From hotpot to jackpot: Haidilao founding couple’s fortune still worth US$7 billion as stock comes off the boil on debut

Haidilao shares surge up to 10 per cent before Hong Kong’s fifth largest float loses steam, but still end slightly higher

PUBLISHED : Wednesday, 26 September, 2018, 12:55pm
UPDATED : Wednesday, 26 September, 2018, 11:01pm

Zhang Yong, CEO of hotpot chain Haidilao, and his wife saw their combined stake in the business fall by US$7 million on the IPO’s trading debut, but it was still worth a cool US$7 billion at market close, even as investors took some profit following an initial surge.

China’s largest hotpot restaurant chain – one of the country’s most popular, which serves up boiling soup broth with meat, seafood, vegetables and noodles – briefly jumped 10 per cent to hit HK$19.64 in early trading, with a peak market cap of HK$104 billion (US$13.3 billion).

The surge pushed the founding couple’s 57.7 per cent stake past HK$60 billion in value for a moment.

But shares lost steam in later trading, before ending at HK$17.82, only slightly higher than its IPO price of HK$17.80.

The couple’s interest had also fallen to HK$54.5 billion by market close.

“The company has a high valuation [at current share prices] and is even more expensive than tech stocks, so I am not surprised to see profit taking bring its shares back to near the listing price,” said Louis Wong Wai-kit, director of Phillip Capital Management.

“It could be under pressure for the rest of the week. I think it will be a test for the share price to hold above the listing price.”

The company is currently valued at HK$94.4 billion and has an estimated price-to-earning ratio of 70 times based on its net profit last year. In contrast, Hong Kong-listed catering and restaurant service companies have PE ratios between 2 to 55 as of Wednesday’s market close.

Fellow co-founders Shi Yonghong and his wife Li Haiyan also saw their combined 27.3 per cent stake hit HK$25.7 billion in value, down from an intra-day peak of HK$28.4 billion.

Haidilao was launched in Jianyang city, Sichuan province in 1994. It is part of a catering empire, controlled by the two couples, that includes Yihai International, a spin-off condiment unit of Haidilao which floated in Hong Kong two years ago two years ago, and Beijing U-ding-u Catering, a mainland-listed firm selling Sichuan Maocai, a meat and vegetables stew-like dish.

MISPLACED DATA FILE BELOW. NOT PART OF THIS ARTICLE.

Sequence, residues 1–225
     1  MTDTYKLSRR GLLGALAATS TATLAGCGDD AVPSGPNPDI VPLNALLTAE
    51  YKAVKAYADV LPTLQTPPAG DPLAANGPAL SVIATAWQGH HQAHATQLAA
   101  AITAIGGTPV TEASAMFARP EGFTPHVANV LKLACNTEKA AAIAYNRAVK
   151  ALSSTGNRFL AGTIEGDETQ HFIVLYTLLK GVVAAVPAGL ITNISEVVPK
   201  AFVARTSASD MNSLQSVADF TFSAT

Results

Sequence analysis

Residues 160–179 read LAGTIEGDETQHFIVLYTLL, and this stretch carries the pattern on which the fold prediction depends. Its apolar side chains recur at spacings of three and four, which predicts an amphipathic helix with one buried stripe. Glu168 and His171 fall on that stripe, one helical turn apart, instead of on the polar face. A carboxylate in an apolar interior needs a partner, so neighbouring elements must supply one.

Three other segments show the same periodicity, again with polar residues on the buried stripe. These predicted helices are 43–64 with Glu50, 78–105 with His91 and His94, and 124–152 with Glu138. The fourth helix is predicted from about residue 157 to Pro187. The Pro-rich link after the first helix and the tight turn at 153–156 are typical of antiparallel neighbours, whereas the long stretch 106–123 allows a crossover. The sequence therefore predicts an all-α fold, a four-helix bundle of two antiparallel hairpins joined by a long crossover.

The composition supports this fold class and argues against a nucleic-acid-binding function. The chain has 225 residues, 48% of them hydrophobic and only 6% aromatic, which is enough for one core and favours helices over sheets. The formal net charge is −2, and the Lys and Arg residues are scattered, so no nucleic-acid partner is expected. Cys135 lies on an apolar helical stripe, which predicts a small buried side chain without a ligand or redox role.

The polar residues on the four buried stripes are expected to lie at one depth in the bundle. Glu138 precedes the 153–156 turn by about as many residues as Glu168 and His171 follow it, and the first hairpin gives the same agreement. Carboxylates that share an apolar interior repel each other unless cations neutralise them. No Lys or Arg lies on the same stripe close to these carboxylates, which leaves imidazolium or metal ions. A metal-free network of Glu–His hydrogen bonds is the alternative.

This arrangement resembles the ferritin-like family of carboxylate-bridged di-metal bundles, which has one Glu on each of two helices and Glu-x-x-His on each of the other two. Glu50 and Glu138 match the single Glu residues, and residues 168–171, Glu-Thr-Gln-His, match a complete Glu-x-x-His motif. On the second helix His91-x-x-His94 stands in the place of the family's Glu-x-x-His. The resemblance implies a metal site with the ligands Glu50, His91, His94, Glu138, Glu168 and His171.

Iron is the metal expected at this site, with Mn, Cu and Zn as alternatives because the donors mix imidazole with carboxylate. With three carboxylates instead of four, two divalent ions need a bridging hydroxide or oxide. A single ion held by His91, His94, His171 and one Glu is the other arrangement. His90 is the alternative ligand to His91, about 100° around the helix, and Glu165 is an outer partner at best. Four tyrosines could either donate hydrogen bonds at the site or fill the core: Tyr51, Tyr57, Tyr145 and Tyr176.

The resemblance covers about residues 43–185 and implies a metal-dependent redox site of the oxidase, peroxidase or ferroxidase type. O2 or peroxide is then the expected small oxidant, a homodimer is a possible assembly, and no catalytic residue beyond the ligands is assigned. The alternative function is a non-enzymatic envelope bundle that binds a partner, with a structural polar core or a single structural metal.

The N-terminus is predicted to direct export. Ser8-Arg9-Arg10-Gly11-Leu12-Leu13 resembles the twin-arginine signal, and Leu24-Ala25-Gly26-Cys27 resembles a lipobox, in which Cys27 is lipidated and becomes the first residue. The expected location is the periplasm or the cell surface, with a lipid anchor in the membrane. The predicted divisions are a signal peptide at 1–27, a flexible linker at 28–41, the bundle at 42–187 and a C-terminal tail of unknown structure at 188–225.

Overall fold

Haidilao has five cornerstone investors. Hillhouse Capital and Greenwoods Asset Management have committed US$90 million each. Morgan Stanley Asia and Morgan Stanley Investment jointly took a stake worth US$80 million, and Snow Lake Capital and Ward Ferry invested US$80 million and US$35 million, respectively.

Haidilao’s product is pretty unique. It’s best know for its signature Sichuan-style spicy dish, but also offers alternative services such as free manicures and shoe-polishing for waiting customers.

It has expanded its operations rapidly to cater to a growing middle-class whose consumption is considered an integral part of China’s new-economy sector.

It has a sprawling network of 363 restaurants across mainland China, Hong Kong, the US, Taiwan, Singapore, Japan, and South Korea, according to its prospectus.

It generated interim revenue this year of 7.3 billion yuan (US$1 billion), up 54.4 per cent, with net profit increasing 17 per cent to 647 million yuan during the six months.

Chinese hotpot giant Haidilao starts book building for Hong Kong IPO as it seeks up to US$1 billion

Funds raised from the IPO will be used by Haidilao to repay debt, finance expansion, and develop new technology and projects to enhance food safety and its customer experience, the prospectus showed.

Its IPO has arrived during a sluggish period for the stock market.

Hong Kong stocks have recently entered bear market territory, as the Hang Seng Index reached an intra-day low of 26,613 earlier this month, down more than 20 per cent from its recent high of 33,484 on January 26. It has had a modest rebound since then, closing up 1.2 per cent at 27,816.87 on Wednesday.

The 10 biggest IPOs in the past 12 months are all trading below their offer prices. They are: China Tower, Xiaomi, ZhongAn Online P&C Insurance, Ping An Good Doctor, China Literature, Jiangxi Bank, BeiGene, Yixin Group, Gansu Bank, and Razer.